Carter McNamara stated that “A job is a collection of tasks and responsibilities that an employee is responsible to conduct.” (McNamara, 2008). Thus, a team is needed in an organization to complete the job. However, Paul Glen indicated that “Complete satisfaction just isn’t part of the human condition. We are a restless and ambitious species.” (Glen, 2003) thus, conflict is sure to arise. However, the concept of conflict negotiation within teamwork helps in approaching conflict management. As a manager or leader it is a fundamental duty to maintain the goal of the company by resolving conflict through negotiation.
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On a personal basis I feel that I am quite able to handle the situations arising from conflict and negotiation issues. My Face-to-Face Communication Style is generally subdued to make people understand through logic and proper judgment. To achieve this goal listening is needed and I am a good listener. This makes me accepted to all. To back this listening skill I make it necessary in Giving Feedback, otherwise, listening would surely fail. Now comes the second part of Working with others that involve proper Power orientation and Conflict negotiation Skills. It is obvious that I maintain a Formal organizational relation with both the superiors and subordinates. This makes me accessible to both the parties and it incorporates trust. (Taylor, 1993). Thus, I would not judge myself a highly Power-Oriented but a moderate method is more acceptable for me. However, the most Preferred Type of Power is situational as it is most important and effective to exhale power on situations needed only and not always. Logically, I maintain this impression of a person with integrity and of trust making me accessible and these places me at the negotiating position. My Preferred Conflict-Handling is making the members of a team to understand that the other party also possesses a standpoint and it is helpful to listen to the other party and understand the thought process. Once this is clarified, the main aspects of conflict seize to exist and creative conflict arises out of general conflict. (Robbins & Judge, 2009)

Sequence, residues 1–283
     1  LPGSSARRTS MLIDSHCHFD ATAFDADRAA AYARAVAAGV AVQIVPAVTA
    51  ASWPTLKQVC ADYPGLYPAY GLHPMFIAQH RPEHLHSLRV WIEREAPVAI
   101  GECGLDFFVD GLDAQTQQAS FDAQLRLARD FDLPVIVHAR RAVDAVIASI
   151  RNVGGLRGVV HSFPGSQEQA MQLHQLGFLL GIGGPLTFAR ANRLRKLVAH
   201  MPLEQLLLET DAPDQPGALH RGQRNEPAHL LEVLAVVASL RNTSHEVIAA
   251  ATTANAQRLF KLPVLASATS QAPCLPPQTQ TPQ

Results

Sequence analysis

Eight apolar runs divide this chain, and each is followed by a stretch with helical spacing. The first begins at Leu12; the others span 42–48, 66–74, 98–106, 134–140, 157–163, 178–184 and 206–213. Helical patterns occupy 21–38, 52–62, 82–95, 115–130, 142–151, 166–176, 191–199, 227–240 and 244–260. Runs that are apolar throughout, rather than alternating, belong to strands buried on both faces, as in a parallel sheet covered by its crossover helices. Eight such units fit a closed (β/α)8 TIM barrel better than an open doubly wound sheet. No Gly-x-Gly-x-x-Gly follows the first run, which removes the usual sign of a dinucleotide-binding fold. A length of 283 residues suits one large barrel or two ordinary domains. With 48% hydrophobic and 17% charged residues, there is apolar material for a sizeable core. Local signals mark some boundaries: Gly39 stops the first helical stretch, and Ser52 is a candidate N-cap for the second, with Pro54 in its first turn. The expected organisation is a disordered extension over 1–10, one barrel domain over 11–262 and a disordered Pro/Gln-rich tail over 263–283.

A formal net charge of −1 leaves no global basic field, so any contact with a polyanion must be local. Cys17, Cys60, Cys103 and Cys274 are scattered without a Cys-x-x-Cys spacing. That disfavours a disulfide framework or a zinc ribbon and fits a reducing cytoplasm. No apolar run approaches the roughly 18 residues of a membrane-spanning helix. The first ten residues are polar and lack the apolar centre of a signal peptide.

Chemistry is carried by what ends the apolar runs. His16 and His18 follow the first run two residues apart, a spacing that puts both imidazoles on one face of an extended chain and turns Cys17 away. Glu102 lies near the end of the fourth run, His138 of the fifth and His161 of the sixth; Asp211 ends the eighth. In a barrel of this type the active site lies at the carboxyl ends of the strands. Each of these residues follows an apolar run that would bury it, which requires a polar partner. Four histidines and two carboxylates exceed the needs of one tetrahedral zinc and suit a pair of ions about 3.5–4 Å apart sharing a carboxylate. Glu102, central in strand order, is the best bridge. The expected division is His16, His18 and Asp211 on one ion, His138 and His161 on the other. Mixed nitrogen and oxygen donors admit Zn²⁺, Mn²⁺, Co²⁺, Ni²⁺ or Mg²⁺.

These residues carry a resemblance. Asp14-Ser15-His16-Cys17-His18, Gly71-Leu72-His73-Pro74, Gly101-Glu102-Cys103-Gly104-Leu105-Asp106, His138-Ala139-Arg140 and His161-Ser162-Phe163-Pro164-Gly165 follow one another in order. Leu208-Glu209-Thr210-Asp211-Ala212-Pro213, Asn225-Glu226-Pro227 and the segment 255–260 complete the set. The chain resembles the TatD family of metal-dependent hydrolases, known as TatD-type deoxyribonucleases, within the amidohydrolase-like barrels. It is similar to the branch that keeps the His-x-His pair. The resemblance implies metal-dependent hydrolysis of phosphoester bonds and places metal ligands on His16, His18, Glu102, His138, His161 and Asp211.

As a conflict manager in a leadership role the issue relating to the case of Atlantic Scaffolding Company and United Brotherhood of Carpenters and Joiners of America (CASE 16-CA-26108) would be an interesting one. “While there is no dispute that Respondent’s general foremen are supervisors and excluded from the protection of the Act, the parties do not agree as to the supervisory status of the foremen.” (National Labor Relations Board, 2008) The process of advocacy and inquiry is one of the fundamental standpoints of in conflict management. Here the conflict manager in a leadership role gathers enough information about the conflict and places them in front of the conflicting parties. This clarifies misunderstand generated between the parties and resolves the issue mostly by making suggestion by the conflict manager or way-out formulated by the parties themselves. This is the most logical way out otherwise it would cause harm for both the parties with stoppage of job and waste of production time.
It is essential to make the parties understand that they work as a team. Team learning is the fundamental aspect of modern organization. It involves in-house training and creating environment of collaboration and teamwork. It is a very important part of the management and this creates a fraternity that enables the organization to work efficiently with speed. Once teamwork ethics are well taught it becomes easy for a company to achieve its goals and conflict resolution and negotiation would no longer be needed.
Glen, P. (2003). Job Satisfaction: It’s Highly Overrated. 2009. Web.
McNamara, C. (2008). Employee Task and Job Analysis. Web.
National Labor Relations Board. (2008). Atlantic Scaffolding Company and United Brotherhood of Carpenters and Joiners of America. CASE 16-CA-26108. Web.
as little as 3 hours
Robbins, S. P., & Judge, T. A. (2009). Organizational behavior. Upper Saddle River, NJ: Prentice Hall.
Taylor, B. (1993). In Search of Identity: Clarifying Corporate Culture. 2009. Web.